Pump manufacturing companies have made strides in improving design, efficiency and energy usage in recent years through developments in impeller profile and the use of optimized motors and variable frequency drives. All of these changes enhance end users' bottom lines by reducing energy costs. But operators have more options to improve efficiency and reliability while reducing costs of fluid management. They can, for example, extend the period between necessary maintenance activities and minimize the cost of spare parts required during maintenance.
One particular pump application that consistently accrues a high maintenance bill is wastewater movement, especially on a site that lacks pump operation experience. The most convenient and commonly adopted design for this demanding application is a waterproof pump—complete with an upper and lower set of mechanical seals designed to protect the bearings and motor—with a vertical shaft that is submerged in the pumped liquid. Such submersible pumps can be lowered into sumps, storage tanks, storm drains, cesspits, bilge and ballast tanks, rivers, flooded foundations or workings of all kinds to draw the fluid out and move it to an area where it can be processed or disposed of as needed.
Two contributory factors have a negative influence on the life of mechanical seals inside submersible pumps.
- These pumps handle a typically contaminated aqueous fluid that has a high solids content with a wide range of particle sizes, from microns to large pieces of masonry, all of which are potentially damaging to mechanical seals.
- The pumps are often neglected, either because they are underwater and out of sight or are being operated by contractors with little knowledge about or training on the requirements of correct pump operation. The pumps frequently run dry once the fluid level has been reduced to the minimum and the impeller is no longer submerged.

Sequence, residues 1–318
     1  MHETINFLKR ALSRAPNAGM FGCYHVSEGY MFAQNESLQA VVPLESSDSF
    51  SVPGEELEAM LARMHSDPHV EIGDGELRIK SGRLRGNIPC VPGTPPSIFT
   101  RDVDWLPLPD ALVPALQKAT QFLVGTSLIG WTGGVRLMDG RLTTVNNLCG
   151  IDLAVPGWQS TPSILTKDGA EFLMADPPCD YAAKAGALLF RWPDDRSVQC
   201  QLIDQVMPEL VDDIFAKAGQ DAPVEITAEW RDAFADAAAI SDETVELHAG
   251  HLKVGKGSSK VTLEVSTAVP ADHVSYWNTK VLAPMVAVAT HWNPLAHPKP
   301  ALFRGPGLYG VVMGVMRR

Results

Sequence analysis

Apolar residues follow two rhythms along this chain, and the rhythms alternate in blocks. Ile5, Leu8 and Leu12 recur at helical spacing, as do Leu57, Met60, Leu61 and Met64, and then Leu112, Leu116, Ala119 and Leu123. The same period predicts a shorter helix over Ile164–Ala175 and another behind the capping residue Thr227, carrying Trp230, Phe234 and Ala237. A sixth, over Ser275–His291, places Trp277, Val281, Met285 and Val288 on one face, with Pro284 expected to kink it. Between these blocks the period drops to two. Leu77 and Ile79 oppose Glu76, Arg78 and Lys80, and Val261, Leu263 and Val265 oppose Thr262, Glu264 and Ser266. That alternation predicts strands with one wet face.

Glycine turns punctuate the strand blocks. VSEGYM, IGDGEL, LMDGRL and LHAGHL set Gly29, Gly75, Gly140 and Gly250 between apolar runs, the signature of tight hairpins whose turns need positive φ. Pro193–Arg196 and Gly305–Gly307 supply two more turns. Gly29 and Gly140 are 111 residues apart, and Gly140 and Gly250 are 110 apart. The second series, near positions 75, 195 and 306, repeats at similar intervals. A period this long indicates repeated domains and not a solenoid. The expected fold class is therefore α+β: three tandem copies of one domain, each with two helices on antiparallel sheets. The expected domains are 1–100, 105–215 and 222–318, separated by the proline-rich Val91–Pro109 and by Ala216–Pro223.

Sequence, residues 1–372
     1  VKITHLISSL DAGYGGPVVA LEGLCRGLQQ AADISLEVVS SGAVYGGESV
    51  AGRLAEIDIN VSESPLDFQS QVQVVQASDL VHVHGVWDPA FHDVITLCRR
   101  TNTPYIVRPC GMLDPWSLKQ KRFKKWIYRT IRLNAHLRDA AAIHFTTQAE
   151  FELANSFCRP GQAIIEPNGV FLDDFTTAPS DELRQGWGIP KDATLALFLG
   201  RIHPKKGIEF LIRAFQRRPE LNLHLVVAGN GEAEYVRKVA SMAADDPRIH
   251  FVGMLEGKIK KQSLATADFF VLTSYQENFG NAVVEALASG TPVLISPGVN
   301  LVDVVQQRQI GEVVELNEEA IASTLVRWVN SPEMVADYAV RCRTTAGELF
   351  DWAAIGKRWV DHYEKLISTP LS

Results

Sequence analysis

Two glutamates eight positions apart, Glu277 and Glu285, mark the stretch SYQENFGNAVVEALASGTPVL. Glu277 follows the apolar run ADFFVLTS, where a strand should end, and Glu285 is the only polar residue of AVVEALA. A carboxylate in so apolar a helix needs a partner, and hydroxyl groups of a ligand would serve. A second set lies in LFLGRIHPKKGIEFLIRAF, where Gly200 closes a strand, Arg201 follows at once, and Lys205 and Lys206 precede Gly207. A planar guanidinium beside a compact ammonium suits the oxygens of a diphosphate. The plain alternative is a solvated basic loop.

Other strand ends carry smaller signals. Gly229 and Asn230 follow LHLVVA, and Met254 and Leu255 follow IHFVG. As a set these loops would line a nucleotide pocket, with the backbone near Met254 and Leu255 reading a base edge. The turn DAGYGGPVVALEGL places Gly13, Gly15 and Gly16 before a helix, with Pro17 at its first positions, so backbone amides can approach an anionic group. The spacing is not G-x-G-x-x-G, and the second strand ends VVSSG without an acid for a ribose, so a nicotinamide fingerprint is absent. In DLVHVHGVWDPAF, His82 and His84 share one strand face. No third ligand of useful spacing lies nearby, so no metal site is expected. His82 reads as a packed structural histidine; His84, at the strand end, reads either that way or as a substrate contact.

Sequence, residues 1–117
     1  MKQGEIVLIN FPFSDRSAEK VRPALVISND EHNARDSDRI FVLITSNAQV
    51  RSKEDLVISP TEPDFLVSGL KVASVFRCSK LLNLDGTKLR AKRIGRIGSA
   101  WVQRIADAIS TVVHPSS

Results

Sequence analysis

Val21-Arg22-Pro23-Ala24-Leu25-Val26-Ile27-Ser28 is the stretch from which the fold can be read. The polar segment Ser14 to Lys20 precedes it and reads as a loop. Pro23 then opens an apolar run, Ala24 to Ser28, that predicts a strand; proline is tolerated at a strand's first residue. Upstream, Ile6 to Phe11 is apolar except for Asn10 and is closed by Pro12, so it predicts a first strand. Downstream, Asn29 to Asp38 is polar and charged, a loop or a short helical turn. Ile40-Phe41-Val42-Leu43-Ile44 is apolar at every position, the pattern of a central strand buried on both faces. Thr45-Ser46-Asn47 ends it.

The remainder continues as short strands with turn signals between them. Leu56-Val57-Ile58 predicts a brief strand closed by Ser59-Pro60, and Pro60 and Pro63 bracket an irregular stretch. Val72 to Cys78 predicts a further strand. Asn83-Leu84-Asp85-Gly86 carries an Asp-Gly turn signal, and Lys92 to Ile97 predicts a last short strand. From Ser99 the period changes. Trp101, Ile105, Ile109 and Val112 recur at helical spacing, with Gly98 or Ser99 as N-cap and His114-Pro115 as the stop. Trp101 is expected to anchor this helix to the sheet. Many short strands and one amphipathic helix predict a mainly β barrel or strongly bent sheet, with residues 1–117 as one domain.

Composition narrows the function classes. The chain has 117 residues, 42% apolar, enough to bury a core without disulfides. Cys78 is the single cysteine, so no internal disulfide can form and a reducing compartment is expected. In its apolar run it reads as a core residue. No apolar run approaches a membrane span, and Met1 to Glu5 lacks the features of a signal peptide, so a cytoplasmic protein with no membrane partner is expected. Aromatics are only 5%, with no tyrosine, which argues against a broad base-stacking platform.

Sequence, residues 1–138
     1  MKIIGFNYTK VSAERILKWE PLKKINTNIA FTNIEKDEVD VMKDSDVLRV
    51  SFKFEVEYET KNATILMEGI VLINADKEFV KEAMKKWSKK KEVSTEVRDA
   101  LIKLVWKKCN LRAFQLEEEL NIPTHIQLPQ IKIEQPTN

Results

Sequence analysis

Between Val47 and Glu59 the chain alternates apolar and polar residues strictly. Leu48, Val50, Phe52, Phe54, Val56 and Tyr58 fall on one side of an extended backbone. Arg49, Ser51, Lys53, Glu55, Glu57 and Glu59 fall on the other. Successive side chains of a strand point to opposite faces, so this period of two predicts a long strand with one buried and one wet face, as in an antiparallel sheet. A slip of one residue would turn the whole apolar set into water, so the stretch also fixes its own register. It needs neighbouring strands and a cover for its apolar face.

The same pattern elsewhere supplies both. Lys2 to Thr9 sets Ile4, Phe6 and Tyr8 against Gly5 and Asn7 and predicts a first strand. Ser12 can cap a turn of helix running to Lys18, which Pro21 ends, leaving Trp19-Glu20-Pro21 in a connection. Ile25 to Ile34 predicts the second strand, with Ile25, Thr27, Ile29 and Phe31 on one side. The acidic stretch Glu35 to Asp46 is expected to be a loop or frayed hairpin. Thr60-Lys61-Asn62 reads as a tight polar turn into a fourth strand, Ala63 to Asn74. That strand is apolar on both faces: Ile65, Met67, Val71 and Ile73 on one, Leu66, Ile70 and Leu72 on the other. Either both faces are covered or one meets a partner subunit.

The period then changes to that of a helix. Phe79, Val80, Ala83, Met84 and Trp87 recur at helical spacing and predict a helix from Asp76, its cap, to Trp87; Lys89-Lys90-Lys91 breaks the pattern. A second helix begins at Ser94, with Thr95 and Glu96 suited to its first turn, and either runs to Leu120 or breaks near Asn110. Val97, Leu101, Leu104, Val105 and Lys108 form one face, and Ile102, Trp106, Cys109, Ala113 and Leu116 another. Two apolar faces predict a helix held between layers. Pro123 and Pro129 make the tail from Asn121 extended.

Submersible pumps are often regularly repaired. In the case of rental companies, the pumps are repaired after each user and are often recalled for repair during service because of seal failure. Since these pumps have several O-rings that ensure adequate water proofing as well as upper and lower sets of mechanical seals, the inventory of spares required each time one of these pumps is repaired has a relatively high value.
The typical design of a submersible pump requires a shorter than standard mechanical seal. This is because this design of submersible pump has two sets of seals mounted in close proximity on the vertical shaft. Because no common design standard exists, each manufacturer designs the sealing chambers according to its own policies. As a result, each pump design has a unique seal chamber that requires a custom mechanical seal designed specifically to fit the space available.
This design methodology means that industry standard mechanical seal designs cannot be fitted to the vast majority of submersible pumps. This situation has caused frustration for many pump users in the past. Without the option of a standard, off-the-shelf seal from a third-party manufacturer, repairers had to use the standard original equipment manufacturer (OEM) part instead of specifying an alternative replacement part.
A mechanical seal company can provide repair shops with the seals that are needed, rather than producing a range of industry standards and leaving the repair shop to find what is required on its own. Many seal companies offer parts that have a close visual similarity to the original parts, as well as necessary O-rings and any fitting tools.
For example, an OEM's seals may come in two basic types with upper and lower seal faces in one seal that is easier to install. However, some of these wearing parts may be composed of low-cost materials and will need frequent replacement. A seal company, on the other hand, could create several seal ranges that fit into the seal chambers without modification to the equipment and with parts made from higher-end materials chosen for a specific application. These customized seals' characteristics could help prevent premature seal failures, especially in an arduous application requiring submersible pump service.